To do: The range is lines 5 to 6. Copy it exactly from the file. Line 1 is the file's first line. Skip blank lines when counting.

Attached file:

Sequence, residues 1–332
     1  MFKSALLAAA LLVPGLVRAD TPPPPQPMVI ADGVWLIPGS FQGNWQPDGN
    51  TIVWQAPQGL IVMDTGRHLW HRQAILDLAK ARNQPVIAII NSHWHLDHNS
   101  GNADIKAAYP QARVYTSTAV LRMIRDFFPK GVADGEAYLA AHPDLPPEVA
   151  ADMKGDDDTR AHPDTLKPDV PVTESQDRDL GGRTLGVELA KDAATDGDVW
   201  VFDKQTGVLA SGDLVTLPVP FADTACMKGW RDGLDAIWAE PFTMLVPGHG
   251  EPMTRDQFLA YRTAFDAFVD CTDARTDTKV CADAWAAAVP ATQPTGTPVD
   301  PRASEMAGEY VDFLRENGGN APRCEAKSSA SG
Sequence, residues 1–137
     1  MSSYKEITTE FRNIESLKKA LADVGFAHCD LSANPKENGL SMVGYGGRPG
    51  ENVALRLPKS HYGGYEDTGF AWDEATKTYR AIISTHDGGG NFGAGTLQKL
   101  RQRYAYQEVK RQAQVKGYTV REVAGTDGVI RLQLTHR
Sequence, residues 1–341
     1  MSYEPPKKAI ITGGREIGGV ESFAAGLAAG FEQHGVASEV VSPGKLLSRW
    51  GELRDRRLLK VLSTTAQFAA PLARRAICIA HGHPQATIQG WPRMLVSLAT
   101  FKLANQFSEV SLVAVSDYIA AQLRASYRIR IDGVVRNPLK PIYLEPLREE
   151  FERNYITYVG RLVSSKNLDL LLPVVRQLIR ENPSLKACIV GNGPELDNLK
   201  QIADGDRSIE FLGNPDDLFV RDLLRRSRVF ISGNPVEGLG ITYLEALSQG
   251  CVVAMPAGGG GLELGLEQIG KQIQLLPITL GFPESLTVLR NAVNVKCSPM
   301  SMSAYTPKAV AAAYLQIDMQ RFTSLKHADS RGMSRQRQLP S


   151  ADMKGDDDTR AHPDTLKPDV PVTESQDRDL GGRTLGVELA KDAATDGDVW
   201  VFDKQTGVLA SGDLVTLPVP FADTACMKGW RDGLDAIWAE PFTMLVPGHG